The bucolic pleasures of Worzel Gummidge

A new take on the sulking scarecrow is funny and contemporary.

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As you pass sad, wilted Christmas trees left by the bins on your dimly-lit commute (did the working day always begin so brutally early?), those long, cosy days on the sofa – surrounded by baubles and Quality Street wrappers, bingeing on dark new versions of classic wintry stories – might seem like a cruel and taunting memory. Far be it from me to remind you of them. But to ease you back into reality, might I recommend one of the BBC’s Christmas shows that may have passed you by?

On a list of retro children’s TV shows ripe for a right-on BBC remake, it’s unlikely that Worzel Gummidge would rank highly: Jon Pertwee’s dirt-smeared sulking scarecrow feels like a bizarre and even creepy Seventies relic. Set in the warm final days of an eerily long summer, it isn’t particularly festive, either. But Barbara Euphan Todd’s stories have now been reworked into a poignant and genuinely funny tale that hints at looming ecological disaster without ever becoming po-faced.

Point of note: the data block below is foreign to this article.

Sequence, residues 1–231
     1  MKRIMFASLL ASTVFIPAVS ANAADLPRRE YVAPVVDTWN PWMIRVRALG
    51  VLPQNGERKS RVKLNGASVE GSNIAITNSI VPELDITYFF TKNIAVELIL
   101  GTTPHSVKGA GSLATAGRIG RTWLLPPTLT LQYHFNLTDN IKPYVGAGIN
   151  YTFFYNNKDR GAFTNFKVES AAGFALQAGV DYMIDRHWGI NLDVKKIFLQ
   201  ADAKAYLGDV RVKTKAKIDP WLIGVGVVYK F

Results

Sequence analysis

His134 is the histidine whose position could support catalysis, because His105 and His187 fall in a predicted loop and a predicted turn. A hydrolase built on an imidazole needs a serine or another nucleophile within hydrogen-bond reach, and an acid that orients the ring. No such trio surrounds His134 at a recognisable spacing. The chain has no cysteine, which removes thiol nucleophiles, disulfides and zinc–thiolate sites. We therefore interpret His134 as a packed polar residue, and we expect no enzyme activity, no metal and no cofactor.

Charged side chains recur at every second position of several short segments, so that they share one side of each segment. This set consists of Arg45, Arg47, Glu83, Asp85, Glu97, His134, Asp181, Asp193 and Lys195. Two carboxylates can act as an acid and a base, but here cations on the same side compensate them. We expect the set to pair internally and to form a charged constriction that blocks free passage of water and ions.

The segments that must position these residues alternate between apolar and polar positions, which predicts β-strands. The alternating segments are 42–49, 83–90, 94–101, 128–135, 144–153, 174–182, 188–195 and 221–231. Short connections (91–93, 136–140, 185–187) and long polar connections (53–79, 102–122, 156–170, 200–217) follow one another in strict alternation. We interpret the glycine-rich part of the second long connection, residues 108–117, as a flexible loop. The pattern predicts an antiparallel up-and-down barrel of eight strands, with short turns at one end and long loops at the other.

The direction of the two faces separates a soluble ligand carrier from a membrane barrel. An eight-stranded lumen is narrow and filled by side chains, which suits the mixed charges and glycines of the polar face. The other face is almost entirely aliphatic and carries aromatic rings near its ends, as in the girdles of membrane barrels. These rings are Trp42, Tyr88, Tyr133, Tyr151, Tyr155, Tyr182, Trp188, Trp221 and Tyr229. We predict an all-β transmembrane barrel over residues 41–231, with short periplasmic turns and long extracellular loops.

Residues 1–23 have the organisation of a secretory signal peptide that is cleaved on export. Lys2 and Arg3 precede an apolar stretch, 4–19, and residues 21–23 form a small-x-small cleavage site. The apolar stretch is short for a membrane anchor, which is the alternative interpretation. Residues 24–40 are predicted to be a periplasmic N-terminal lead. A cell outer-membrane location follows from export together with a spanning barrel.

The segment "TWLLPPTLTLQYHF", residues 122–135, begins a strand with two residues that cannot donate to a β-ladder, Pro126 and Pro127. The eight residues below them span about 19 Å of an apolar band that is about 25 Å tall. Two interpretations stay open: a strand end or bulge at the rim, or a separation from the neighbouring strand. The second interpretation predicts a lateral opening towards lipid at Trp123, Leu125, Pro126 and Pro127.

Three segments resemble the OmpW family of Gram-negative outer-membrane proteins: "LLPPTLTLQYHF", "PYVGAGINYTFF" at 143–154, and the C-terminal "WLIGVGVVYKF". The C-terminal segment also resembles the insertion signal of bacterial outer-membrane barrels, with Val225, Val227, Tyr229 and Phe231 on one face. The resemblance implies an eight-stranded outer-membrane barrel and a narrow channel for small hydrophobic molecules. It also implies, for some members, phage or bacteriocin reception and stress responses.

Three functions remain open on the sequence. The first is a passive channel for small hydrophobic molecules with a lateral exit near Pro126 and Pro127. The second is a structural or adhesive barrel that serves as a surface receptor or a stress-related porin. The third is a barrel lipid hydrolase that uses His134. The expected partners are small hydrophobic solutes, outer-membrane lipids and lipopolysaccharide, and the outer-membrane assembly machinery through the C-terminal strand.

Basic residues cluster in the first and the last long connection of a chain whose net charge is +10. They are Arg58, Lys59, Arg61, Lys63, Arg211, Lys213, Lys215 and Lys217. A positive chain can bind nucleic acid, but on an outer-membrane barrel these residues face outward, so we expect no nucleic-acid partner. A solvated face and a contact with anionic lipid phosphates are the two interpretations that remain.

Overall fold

Much of the charm of this version (broadcast in two, one-hour episodes) is thanks to its writer/director Mackenzie Crook, also cast as Gummidge. Crook has played a mix of minor oddball fantasy characters (Pirates of the Caribbean, Game of Thrones) and brilliantly, painfully realised ordinary Brits (The Office, Detectorists). These two strains meld together wonderfully in a bumbling yet strident Gummidge who gets into petty arguments with crows, complains about the “boring” names of his new human friends, cringes under the chastisements of his Aunt Sally, and forgets why he tied a knot in his handkerchief. Indeed, fans of Crook’s show Detectorists (of which there are many, all extremely devoted) will find much to love here: a bucolic tonic for these depressing, grey days. 

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Anna Leszkiewicz is culture editor of the New Statesman.

This article appears in the 10 January 2020 issue of the New Statesman, Trump vs Iran